British designer Thomas Heatherwick has unveiled a plant-covered shopping center in Shanghai that incorporates over 1,000 trees and 250,000 (!) plants. Named 1,000 Trees building to reference its planting, the nine-story building was designed to resemble a greenery-covered mountain.
1,000 Trees Building Has Each of the Columns Topped With a Planter
Located alongside the M50 art district and the Suzhou Creek, the block officially opened to the public last month. The latest images released by Heatherwick Studio show the exterior of the project for developer Tian An at day and night, as well as inside the building.
The structure of the retail development was built with a grid of concrete columns arranged at a 45-degree angle to the river. Each of the columns is topped with a planter that contains a mix of deciduous and evergreen trees, as well as shrubs and hanging plants.
Over 1,000 Trees and 250,000 Plants
Over 1,000 trees and 250,000 plants have been placed on the building in total. Heatherwick hopes that the grid and numerous planters will help to break down the mass of the development that contains 166 retail units. The building contains 62,706-square-metres of retail space across 12 flagship stores, 91 shops, and 63 food and beverage outlets.
A food court and supermarket are located in the basement, with shops on the five floors above and restaurants on the building's upper four stories.
1,000 Trees, previously called Moganshan, is split across two sites, connected by a narrow strip of land containing a number of government offices and a historic building.
"1,000 Trees is conceived not only as a building but as a piece of topography and takes the form of two tree-covered mountains, populated by hundreds of columns. Rather than hiding the columns which provide structural support, the columns emerge at the top of the building as large planters, each holding a handful of trees."
Development of 1,000 Trees Building
Heatherwick studio first unveiled a proposal for the project back in December 2015. Covering an area of 300,000 square meters, the mixed-use complex is backed by Chinese developer Tian An China.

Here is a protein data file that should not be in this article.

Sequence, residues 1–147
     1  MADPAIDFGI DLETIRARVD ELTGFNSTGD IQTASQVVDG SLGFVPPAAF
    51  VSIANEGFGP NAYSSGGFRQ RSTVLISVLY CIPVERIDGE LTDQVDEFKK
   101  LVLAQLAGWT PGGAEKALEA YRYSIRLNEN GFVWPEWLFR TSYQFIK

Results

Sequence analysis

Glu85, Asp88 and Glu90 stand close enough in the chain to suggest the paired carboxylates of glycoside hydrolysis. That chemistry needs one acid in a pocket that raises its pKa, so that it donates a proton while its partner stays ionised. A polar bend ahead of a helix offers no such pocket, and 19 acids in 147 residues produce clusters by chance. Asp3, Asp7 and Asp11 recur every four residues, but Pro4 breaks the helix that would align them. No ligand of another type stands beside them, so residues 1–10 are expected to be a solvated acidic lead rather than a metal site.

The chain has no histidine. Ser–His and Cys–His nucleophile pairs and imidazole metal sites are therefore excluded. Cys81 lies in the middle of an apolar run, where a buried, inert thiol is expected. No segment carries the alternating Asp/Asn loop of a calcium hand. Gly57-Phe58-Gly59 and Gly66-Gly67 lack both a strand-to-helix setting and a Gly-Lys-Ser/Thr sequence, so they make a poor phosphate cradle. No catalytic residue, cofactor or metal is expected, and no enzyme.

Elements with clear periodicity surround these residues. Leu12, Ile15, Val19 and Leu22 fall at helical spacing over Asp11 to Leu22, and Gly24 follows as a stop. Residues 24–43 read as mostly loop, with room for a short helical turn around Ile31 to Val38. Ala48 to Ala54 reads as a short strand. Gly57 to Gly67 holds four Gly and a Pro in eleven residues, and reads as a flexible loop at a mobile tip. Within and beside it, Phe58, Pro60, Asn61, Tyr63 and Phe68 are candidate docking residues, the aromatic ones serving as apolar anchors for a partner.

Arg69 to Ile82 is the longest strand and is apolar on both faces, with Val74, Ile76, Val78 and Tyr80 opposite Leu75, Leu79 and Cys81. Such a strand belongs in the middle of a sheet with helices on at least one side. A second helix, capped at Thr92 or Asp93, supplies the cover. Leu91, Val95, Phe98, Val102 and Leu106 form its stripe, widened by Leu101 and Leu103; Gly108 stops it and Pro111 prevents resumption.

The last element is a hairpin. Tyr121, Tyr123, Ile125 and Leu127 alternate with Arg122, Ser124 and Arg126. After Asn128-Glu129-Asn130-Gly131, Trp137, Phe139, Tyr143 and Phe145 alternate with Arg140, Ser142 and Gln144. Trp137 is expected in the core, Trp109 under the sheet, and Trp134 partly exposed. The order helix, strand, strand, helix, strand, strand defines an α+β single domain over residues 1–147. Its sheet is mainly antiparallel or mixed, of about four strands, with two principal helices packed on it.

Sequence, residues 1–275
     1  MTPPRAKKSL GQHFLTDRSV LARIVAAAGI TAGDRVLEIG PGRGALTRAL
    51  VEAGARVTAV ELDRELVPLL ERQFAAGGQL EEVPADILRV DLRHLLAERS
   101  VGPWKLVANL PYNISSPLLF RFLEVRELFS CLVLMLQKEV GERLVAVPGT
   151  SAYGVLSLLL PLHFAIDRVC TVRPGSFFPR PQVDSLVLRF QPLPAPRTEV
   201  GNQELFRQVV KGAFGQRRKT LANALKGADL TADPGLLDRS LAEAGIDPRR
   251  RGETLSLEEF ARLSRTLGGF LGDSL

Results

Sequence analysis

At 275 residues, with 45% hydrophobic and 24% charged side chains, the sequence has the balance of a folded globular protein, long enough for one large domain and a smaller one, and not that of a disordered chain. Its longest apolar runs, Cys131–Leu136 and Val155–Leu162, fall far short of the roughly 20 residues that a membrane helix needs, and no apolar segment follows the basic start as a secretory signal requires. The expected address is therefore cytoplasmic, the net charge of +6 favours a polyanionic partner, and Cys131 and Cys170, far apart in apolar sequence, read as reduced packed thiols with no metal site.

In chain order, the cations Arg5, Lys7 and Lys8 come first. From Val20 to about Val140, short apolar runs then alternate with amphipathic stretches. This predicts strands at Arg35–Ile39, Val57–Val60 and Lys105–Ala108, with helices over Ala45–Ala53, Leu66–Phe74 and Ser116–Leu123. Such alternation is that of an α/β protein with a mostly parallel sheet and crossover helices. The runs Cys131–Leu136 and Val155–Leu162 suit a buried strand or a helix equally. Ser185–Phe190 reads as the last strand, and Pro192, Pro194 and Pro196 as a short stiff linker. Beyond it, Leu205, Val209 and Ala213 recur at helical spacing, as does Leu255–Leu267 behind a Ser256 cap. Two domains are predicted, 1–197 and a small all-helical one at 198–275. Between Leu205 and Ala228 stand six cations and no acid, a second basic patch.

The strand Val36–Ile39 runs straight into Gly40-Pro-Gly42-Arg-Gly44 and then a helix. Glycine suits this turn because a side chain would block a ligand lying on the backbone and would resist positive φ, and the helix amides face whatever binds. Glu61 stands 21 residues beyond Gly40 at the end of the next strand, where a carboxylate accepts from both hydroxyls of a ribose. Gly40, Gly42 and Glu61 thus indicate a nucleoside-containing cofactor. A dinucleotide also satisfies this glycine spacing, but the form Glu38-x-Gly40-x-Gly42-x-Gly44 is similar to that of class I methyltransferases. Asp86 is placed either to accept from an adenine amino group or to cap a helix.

Split across two sites beside the city's M50 art district, 1,000 Trees fills two mountain-like peaks that contain a mix of retail, offices, eateries, event venues, and galleries. The website of Heatherwick Studio shows the development and construction from start to completion.
As its name suggests, 1,000 Trees is distinguished by hundreds of plants that emerge from its staggered, pixellated surface. The trees are housed in giant planters that sit on top of structural concrete columns placed across the mountain. The photos show that there are three different-sized plant pots.
A Strong Identity
Heatherwick Studio's partner Lisa Finlay told in Dezeen:
"We chose to express the structure and develop a strong identity to the columns as we knew they would be present in all the programmatic uses of the building. We see the planters as natural extensions of the columns, almost like a shoot that has worked its way through three levels of car park, eight levels of retail, and then up and out to the roofscape to blossom.
Collectively, the planters contain approximately 25,000 individual plants and 46 different plant species including shrubs, perennials, climbers. Each planter has a unique combination of plants sourced from Shanghai's Chongming Island, a fertile strip of land within the Yangtze River delta, and more than half of them are evergreen to ensure a lush green building throughout the year.
Where the 1,000 Trees Building Now Stands Used to Be a Long Graffiti Wall
At the building site, there used to be a long graffiti wall where people would travel from all over to paint there so they wanted to retain this aspect somehow. Graffiti artists, both local and international, including some who used to paint there, were commissioned to create original artworks for the facade. Heatherwick Studio also collaborated with these artists and others from the M50 for aspects of the interior as well, including giant murals within the lift shafts.
Construction Photography and video by Noah Sheldon. All other photography is by Qingyan Zhu.